For the past decade, Microsoft is trying so hard to increase its presence in the web browser’s market share, but they’re still far-far behind Google’s Chrome browser. Although, Edge has managed to hold up the second position after the release of June 2020.
My story with Edge starts back in 2015 when Edge was officially released into the market. In 2014, Windows 10 Beta (only for Insiders) was released. After witnessing the completely new look of Windows, I was fascinated to see new updates/upgrades from Microsoft. I literally liked the idea of a completely new browser for Windows 10 while ditching the Internet Explorer. Since I liked the new looks and features of the novel browser Edge. I tried and tested it but wasn’t convinced to switch from Chrome.
Now, coming to June 2020 (Ahhh!! Some boring memories) Microsoft rolled out their new Edge based on Chromium, the same source code nowadays’ Chrome is developed of.
The new 2020s Edge is running on Blink and V8 (developed for Chromium and Chrome) engines which definitely improves the performance of Edge. But this wasn’t the only reason I switched for.
The other things I was lured by are the UI and UX of this all-new Microsoft Edge. First, let’s talk about the UI and then the UX.
UI (User Interface) indeed has improved a lot. The very first thing I noticed was the sharpness of the fonts which was lowered in the new Edge and the second thing I like is the Menus (profound gratitude!). They’ve added an ample amount of padding around the options in Menus with a basic icon for each option. Thus, having extra padding around the options and an icon for each option makes it easier to locate the desired option in the browser.
Now, UX’s turn. Most of the things are common with Google Chrome but Microsoft has offered some additional features with Edge. I’m not getting into the details but I’m listing down all the features that I liked the most.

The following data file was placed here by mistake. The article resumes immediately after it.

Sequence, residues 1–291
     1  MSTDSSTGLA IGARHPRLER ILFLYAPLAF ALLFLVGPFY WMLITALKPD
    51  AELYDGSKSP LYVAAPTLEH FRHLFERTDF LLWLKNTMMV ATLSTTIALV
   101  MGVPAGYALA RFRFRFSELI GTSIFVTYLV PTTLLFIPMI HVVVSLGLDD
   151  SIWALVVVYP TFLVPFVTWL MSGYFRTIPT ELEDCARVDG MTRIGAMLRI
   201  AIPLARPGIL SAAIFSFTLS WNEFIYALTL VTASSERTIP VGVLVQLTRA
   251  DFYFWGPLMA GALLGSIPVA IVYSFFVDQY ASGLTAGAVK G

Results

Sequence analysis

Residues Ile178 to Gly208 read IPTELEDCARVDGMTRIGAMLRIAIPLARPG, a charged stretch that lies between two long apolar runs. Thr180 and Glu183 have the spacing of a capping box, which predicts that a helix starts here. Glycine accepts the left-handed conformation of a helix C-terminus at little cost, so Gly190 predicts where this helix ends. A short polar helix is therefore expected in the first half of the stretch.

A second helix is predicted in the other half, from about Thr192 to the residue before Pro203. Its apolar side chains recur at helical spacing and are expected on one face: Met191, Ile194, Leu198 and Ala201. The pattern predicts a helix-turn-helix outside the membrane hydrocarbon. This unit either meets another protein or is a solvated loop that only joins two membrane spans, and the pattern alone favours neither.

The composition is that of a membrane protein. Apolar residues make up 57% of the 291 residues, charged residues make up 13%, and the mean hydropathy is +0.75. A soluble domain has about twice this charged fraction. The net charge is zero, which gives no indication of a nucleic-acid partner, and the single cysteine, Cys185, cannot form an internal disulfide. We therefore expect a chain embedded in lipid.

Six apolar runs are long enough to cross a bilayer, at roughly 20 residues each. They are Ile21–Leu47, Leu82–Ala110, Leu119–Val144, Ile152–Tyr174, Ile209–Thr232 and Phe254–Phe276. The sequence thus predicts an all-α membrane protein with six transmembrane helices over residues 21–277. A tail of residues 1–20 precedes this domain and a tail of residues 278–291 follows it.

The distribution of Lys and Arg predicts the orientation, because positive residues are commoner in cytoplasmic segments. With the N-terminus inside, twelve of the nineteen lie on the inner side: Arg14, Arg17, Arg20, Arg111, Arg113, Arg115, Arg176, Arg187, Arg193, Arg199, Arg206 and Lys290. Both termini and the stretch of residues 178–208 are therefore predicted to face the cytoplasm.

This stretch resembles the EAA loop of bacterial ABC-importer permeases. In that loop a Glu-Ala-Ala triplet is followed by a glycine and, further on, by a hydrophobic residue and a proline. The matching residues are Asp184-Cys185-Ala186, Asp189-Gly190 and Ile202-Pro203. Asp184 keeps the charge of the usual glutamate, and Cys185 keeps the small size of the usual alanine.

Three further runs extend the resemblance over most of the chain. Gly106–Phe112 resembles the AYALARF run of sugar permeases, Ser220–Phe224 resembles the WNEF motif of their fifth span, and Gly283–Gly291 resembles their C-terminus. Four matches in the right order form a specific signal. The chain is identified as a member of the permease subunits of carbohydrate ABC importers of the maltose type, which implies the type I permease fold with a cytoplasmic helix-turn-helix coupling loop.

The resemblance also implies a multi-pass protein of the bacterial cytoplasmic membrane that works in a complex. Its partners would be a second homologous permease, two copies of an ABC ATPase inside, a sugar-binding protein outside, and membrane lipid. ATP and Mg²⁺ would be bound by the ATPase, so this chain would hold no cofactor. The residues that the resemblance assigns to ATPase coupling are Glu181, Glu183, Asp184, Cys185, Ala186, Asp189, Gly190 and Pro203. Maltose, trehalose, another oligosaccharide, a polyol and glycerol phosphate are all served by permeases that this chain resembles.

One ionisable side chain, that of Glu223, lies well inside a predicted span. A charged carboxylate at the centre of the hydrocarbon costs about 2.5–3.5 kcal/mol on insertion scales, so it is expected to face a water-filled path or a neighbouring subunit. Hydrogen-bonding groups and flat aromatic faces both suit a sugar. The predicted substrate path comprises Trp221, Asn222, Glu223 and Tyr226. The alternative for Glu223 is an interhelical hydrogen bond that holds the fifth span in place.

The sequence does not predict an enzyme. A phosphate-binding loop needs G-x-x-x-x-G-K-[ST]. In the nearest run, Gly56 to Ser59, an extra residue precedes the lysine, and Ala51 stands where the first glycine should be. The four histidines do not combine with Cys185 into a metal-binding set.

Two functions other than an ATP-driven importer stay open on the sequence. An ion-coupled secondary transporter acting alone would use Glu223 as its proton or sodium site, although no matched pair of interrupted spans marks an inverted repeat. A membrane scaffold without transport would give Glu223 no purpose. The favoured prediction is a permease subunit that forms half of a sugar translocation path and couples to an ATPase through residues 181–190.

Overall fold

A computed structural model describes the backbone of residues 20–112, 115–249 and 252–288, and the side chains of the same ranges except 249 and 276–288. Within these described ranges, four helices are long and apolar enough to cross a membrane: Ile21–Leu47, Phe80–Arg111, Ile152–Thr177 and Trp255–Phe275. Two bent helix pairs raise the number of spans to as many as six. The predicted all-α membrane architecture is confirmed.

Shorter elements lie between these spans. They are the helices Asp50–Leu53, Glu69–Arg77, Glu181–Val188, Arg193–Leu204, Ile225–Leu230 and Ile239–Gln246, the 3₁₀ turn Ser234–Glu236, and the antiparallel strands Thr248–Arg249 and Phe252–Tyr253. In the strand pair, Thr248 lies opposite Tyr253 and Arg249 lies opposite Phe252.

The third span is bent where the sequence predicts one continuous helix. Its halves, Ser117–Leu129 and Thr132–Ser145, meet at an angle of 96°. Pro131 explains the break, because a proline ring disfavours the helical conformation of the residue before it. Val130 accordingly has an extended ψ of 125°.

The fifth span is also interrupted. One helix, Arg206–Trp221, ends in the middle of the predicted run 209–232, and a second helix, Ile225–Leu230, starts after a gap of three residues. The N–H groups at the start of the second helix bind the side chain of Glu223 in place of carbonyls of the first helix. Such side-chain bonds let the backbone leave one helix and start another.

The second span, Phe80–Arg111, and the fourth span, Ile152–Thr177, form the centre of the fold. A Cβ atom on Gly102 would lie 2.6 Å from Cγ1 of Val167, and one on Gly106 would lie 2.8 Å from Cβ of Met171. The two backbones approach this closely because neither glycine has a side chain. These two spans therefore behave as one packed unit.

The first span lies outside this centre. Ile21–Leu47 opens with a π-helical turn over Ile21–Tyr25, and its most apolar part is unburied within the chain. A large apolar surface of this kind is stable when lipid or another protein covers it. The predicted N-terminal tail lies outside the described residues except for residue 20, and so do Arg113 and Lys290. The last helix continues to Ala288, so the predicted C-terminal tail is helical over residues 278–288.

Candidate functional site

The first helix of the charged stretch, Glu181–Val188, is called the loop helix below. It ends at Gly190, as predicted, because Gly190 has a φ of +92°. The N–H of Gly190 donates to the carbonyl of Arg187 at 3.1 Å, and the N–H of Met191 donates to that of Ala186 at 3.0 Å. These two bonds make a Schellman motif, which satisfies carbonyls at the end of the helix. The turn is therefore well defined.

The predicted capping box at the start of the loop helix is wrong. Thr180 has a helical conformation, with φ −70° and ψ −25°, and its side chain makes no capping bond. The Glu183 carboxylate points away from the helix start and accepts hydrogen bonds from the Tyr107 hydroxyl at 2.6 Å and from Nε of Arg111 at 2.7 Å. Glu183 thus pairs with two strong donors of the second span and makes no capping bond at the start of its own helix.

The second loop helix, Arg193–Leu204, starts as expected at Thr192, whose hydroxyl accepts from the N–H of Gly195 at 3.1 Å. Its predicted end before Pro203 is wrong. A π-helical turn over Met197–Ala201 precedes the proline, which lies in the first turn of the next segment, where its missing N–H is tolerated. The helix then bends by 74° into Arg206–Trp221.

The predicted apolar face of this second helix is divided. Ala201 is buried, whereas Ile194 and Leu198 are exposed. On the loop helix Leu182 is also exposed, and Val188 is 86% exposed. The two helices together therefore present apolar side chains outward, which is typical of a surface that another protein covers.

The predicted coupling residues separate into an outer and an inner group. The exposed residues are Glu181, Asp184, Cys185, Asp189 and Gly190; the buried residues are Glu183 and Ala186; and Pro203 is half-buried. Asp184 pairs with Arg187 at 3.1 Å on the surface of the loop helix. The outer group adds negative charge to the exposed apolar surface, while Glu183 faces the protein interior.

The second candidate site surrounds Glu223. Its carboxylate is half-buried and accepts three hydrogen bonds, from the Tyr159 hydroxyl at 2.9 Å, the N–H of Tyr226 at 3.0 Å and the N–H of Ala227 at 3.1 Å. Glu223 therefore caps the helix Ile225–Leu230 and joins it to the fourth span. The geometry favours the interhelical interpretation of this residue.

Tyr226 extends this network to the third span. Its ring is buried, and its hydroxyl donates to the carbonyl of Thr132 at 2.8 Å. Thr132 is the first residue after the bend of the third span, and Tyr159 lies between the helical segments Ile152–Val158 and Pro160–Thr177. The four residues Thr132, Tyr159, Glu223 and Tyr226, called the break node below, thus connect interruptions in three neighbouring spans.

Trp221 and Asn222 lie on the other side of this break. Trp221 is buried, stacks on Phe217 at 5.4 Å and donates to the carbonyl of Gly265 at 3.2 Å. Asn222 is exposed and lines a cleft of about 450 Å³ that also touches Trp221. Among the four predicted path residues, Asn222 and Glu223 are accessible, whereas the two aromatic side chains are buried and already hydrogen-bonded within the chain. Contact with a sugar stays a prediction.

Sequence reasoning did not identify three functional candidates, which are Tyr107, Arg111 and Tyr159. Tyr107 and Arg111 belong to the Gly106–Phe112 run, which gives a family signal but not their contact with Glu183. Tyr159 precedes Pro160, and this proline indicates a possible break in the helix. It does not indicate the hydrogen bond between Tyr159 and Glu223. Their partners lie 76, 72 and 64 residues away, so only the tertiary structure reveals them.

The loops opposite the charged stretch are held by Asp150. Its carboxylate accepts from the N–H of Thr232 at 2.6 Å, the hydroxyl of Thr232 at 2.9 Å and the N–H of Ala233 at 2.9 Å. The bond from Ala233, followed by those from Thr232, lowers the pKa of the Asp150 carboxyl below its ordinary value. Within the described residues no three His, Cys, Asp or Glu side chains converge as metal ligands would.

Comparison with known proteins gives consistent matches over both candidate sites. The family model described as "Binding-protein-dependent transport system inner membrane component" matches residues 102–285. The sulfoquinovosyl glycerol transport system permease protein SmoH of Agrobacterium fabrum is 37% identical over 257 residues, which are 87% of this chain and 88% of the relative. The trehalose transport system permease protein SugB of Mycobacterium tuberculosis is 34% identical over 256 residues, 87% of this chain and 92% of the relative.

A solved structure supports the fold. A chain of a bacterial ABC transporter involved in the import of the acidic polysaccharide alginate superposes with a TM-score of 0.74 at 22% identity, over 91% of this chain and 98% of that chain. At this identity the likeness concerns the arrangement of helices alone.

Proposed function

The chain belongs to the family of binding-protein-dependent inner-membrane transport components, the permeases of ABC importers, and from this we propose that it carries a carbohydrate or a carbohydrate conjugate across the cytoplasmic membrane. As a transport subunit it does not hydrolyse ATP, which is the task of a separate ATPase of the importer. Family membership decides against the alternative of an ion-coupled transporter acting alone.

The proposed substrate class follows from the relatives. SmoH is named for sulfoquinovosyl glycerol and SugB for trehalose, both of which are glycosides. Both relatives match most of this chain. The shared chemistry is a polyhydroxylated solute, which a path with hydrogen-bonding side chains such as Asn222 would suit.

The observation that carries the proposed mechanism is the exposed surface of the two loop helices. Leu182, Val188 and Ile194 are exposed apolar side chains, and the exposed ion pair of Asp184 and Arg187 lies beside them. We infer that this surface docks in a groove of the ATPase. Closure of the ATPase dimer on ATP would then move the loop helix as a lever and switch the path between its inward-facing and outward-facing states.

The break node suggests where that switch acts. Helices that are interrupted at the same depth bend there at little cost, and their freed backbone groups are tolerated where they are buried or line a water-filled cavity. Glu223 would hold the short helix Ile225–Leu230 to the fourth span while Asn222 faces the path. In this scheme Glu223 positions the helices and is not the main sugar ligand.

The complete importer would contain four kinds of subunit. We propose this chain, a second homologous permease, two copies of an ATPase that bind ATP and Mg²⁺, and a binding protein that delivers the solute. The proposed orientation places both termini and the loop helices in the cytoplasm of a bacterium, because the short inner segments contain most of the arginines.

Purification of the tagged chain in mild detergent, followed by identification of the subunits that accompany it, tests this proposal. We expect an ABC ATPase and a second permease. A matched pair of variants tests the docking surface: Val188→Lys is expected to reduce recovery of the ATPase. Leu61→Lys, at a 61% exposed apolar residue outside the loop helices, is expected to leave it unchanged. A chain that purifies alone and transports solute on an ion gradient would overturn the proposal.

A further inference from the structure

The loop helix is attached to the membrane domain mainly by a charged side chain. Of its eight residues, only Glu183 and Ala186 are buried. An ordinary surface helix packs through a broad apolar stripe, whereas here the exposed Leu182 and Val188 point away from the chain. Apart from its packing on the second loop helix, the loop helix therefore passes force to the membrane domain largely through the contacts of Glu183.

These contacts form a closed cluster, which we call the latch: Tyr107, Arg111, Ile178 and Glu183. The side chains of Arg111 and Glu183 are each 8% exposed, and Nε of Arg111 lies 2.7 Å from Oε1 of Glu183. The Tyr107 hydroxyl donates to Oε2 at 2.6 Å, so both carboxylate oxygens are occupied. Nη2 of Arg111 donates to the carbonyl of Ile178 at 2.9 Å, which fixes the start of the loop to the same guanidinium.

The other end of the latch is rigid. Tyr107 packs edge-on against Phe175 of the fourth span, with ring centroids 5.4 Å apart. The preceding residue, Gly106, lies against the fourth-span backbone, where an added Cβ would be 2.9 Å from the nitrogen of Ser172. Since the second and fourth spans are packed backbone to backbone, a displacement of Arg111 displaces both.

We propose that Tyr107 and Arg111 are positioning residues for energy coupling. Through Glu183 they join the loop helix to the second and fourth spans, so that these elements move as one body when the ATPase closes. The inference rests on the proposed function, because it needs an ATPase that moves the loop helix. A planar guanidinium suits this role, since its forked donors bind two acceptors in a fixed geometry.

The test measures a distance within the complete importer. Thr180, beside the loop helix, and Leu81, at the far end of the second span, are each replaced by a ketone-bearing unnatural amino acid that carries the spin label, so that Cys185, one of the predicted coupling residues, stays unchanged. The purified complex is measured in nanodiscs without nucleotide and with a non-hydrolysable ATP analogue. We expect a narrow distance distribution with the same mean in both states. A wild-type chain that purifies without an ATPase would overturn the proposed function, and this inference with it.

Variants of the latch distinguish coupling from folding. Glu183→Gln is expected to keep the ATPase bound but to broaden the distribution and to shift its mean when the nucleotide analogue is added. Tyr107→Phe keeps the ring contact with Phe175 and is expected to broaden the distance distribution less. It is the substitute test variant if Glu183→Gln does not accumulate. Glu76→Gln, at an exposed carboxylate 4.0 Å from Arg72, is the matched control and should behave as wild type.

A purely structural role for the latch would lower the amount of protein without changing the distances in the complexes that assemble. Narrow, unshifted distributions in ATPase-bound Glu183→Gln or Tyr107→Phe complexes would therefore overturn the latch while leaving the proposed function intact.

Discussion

- Features of in-built PDF Reader such as the read-aloud, drawing pen, highlighter, and eraser.
- Favorites (Bookmarks) button on the toolbar for quick access.
- Web Capture, this feature lets you capture the entire or partial viewport (the content area) of the web browser, highly useful!
- No doubt! Chrome has awesome extensions but the good thing is you can install extensions from Chrome Store to your Edge directly. Nice Right?
If you’re too planning to switch to Microsoft Edge, then you can take an idea of how I did switch to Edge.
The very first thing I did was I exported all my bookmarks to a
.(dot)HTML file and imported them on the Edge. Well, you do not have to do that actually. I got to know about a simple alternative later which allows you to import all your bookmarks, saved passwords, auto-fills, extensions, and all the remaining settings just in one click.
Just go to the Settings of your Edge, there on the first page you’ll see “Import Browser Data”, click on it. Now, you’ll see a prompt just click on the ‘Microsoft Edge legacy’ input field and choose Google Chrome from the drop-down menu. Check all the desired/applicable boxes and click ‘Import’. Tada! You’ve successfully switched to Microsoft Edge.